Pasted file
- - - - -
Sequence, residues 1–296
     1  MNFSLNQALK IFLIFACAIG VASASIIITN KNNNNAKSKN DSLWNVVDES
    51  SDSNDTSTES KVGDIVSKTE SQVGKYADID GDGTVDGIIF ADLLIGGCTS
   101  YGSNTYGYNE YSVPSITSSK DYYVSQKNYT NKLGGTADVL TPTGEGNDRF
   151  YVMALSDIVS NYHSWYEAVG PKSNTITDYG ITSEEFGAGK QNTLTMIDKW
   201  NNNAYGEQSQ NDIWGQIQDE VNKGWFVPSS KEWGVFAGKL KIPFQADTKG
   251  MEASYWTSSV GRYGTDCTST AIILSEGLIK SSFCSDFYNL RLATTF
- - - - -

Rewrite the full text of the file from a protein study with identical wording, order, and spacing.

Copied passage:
Sequence, residues 1–296
     1  MNFSLNQALK IFLIFACAIG VASASIIITN KNNNNAKSKN DSLWNVVDES
    51  SDSNDTSTES KVGDIVSKTE SQVGKYADID GDGTVDGIIF ADLLIGGCTS
   101  YGSNTYGYNE YSVPSITSSK DYYVSQKNYT NKLGGTADVL TPTGEGNDRF
   151  YVMALSDIVS NYHSWYEAVG PKSNTITDYG ITSEEFGAGK QNTLTMIDKW
   201  NNNAYGEQSQ NDIWGQIQDE VNKGWFVPSS KEWGVFAGKL KIPFQADTKG
   251  MEASYWTSSV GRYGTDCTST AIILSEGLIK SSFCSDFYNL RLATTF